Comparison of clinicoradiologic manifestation of nonspecific interstitial pneumonia and usual interstitial pneumonia/idiopathic pulmonary fibrosis: A report from NRITLD

Annals of Thoracic Medicine. 2008;3(4):140-145

 

Journal Homepage

Journal Title: Annals of Thoracic Medicine

ISSN: 1817-1737 (Print); 1998-3557 (Online)

Publisher: Wolters Kluwer Medknow Publications

Society/Institution: Saudi Thoracic Society; King Saud University

LCC Subject Category: Medicine: Internal medicine: Specialties of internal medicine: Diseases of the circulatory (Cardiovascular) system | Medicine: Internal medicine: Specialties of internal medicine: Diseases of the respiratory system

Country of publisher: India

Language of fulltext: English

Full-text formats available: PDF, HTML, ePUB

 

AUTHORS

Tafti Saeid
Mokri Bahareh
Mohammadi Foroozan
Bakhshayesh-Karam Mehrdad
Emami Habib
Masjedi Mohammad

EDITORIAL INFORMATION

Double blind peer review

Editorial Board

Instructions for authors

Time From Submission to Publication: 20 weeks

 

Abstract | Full Text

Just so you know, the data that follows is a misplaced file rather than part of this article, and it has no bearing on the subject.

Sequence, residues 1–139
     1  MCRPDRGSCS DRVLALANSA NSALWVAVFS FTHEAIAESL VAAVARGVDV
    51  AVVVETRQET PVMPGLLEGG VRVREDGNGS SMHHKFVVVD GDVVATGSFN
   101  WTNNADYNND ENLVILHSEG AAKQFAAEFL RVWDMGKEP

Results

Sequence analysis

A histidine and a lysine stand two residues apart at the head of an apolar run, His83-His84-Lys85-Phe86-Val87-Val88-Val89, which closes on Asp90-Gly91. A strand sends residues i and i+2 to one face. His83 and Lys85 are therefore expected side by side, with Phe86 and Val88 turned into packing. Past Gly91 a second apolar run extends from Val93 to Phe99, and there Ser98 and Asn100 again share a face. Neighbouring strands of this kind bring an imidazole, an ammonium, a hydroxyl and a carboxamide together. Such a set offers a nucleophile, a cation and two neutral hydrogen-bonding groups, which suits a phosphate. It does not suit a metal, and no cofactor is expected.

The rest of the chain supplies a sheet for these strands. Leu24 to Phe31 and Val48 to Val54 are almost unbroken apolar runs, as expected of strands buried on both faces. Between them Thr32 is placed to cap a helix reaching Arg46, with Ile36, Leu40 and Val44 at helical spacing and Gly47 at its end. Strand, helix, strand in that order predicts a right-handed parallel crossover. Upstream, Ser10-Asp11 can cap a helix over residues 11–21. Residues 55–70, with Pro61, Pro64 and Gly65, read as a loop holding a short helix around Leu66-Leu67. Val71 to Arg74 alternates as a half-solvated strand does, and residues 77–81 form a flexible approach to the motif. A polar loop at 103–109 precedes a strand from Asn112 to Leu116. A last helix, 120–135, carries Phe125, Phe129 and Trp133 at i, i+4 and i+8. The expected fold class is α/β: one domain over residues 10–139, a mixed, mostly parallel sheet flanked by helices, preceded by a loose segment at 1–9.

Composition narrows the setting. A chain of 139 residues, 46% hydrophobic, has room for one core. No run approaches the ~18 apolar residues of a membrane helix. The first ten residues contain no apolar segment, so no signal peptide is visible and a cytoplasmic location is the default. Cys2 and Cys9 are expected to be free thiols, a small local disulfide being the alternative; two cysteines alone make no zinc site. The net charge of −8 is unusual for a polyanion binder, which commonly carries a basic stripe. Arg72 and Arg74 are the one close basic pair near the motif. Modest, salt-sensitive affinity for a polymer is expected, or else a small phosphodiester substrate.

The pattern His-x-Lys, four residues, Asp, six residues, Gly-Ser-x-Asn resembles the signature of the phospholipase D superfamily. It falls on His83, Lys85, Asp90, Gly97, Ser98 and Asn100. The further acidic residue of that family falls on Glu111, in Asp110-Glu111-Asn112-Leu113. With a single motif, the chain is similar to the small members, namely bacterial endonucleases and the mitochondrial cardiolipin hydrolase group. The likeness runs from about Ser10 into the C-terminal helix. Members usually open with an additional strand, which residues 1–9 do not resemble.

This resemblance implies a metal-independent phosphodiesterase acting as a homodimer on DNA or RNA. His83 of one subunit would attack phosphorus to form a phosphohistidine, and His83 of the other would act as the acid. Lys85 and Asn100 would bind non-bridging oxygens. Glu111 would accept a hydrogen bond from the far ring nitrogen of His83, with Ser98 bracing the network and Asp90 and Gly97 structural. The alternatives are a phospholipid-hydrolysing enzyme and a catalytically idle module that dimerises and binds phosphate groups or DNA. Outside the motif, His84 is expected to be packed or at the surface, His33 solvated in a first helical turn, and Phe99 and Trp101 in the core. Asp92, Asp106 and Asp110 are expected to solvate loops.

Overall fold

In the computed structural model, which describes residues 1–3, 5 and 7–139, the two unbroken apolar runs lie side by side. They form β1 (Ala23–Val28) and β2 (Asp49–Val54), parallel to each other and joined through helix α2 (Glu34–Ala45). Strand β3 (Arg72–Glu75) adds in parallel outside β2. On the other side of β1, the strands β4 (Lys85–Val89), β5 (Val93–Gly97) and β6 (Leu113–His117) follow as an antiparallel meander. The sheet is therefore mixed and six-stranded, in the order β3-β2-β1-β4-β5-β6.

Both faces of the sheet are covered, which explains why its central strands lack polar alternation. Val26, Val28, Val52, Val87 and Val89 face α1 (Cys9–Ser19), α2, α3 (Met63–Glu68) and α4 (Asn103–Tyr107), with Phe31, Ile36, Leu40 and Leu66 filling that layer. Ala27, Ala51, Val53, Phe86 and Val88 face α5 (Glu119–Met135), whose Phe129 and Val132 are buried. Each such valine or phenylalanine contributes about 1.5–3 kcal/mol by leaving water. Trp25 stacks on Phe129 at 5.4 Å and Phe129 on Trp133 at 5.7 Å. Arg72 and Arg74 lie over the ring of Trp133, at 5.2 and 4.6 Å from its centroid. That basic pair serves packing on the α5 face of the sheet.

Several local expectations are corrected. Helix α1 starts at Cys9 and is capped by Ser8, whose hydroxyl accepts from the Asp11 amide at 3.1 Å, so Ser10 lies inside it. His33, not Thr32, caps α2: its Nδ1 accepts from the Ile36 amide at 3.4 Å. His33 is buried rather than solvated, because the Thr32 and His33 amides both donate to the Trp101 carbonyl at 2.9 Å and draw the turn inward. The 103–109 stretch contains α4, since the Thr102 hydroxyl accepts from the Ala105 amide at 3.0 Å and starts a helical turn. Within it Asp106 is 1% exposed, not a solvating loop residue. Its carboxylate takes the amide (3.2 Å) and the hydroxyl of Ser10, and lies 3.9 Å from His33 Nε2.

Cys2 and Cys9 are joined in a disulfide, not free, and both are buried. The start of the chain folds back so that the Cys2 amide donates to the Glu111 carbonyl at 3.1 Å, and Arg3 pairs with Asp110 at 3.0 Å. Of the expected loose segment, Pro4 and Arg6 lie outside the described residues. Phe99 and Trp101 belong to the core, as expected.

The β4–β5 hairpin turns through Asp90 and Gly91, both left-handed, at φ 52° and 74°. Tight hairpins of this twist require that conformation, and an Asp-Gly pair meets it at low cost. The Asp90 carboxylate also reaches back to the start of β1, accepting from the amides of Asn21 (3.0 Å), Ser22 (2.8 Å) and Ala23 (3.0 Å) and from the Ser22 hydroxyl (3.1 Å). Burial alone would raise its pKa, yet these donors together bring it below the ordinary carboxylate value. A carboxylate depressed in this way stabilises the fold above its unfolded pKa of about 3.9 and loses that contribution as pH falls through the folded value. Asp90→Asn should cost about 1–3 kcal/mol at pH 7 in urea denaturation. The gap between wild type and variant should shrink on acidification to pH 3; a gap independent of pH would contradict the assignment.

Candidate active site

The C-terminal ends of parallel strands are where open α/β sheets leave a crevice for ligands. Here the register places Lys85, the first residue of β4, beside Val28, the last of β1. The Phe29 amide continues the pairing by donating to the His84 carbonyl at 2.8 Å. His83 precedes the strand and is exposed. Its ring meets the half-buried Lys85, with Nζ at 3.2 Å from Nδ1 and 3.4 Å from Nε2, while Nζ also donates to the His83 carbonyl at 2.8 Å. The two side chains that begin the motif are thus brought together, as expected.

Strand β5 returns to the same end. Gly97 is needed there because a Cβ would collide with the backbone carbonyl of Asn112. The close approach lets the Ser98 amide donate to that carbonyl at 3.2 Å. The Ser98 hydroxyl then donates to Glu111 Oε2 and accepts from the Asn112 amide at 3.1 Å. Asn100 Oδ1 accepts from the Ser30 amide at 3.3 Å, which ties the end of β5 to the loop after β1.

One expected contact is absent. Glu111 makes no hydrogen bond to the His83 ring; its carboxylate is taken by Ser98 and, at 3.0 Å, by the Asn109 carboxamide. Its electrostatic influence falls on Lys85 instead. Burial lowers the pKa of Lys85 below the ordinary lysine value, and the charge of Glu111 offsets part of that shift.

<b>Background: </b> Ever since Katzenstein and Fiorelli introduced the term nonspecific interstitial pneumonia (NSIP) to denote those cases of interstitial pneumonia that cannot be categorized as any of the other types of idiopathic interstitial pneumonias (IIP), there has been continuing debate on whether it is a real clinical entity or not. The American Thoracic Society/European Respiratory Symposium task group tried to identify idiopathic NSIP as a separate disease and exclude it from the category of IIP. However, it appears that the clinical presentation of NSIP and usual interstitial pneumonia (UIP) are the same. <b> Objective :</b> To show that the radiologic features of NSIP and UIP should be relied upon, instead of clinical presentation and pathologic findings, to differentiate between the two. <b> Materials and Methods:</b> Consecutive patients who had received a diagnosis of either NSIP or UIP on the basis of open lung biopsy between January 2001 and December 2007 were identified for inclusion in this retrospective review. The study included 61 subjects: 32 men and 29 women with a mean age of 59.39 &#x00B1; 14.5 years. Chest computed tomography images of all the cases were collected for a review. High resolution computed tomography (HRCT) and all pathologic specimens were also evaluated. A weighted kappa coefficient was used to evaluate whether radiology can be used instead of biopsy for the diagnosis of NSIP and UIP. Comparison of the mean ages and the time intervals (i.e., interval between symptom onset and the time of diagnosis) in the UIP and NSIP groups was done using the Mann-Whitney U test. Association between gender and biopsy result was evaluated by the Fisher exact test. Data were evaluated using SPSS, v.13. <b> Results :</b> Sixty-one patients were included in this study, 32 were male and 29 were female. On the basis of biopsy findings, 50 (82&#x0025;) patients had UIP and 11 (18&#x0025;) had NSIP. Thirty (60&#x0025;) of the 50 patients who had UIP were male and 20 (40&#x0025;) were female; 2 (18.2&#x0025;) of the 11 patients who suffered from NSIP were male and 9 (81.8&#x0025;) were female. Based on HRCT findings, 36 (60&#x0025;) patients were diagnosed to have UIP and 24 (40&#x0025;) were diagnosed with NSIP. When diagnosis was based on biopsy findings, the time interval in the UIP group was 13.59 &#x00B1; 8.29 months and in the NSIP group it was 7.90 &#x00B1; 4.18 months. When diagnosed on the basis of HRCT findings, the time interval in the UIP group was 14.22 &#x00B1; 8.94 months and in the NSIP group it was 10.54 &#x00B1; 5.78 months. When diagnosis was on the basis of biopsy, the mean age in the UIP group was 61.30 &#x00B1; 14.18 years and in the NSIP group it was 50.73 &#x00B1; 13.14 years. <b> Conclusion :</b> HRCT can be used instead of invasive methods like lung biopsy to differentiate between UIP and NSIP.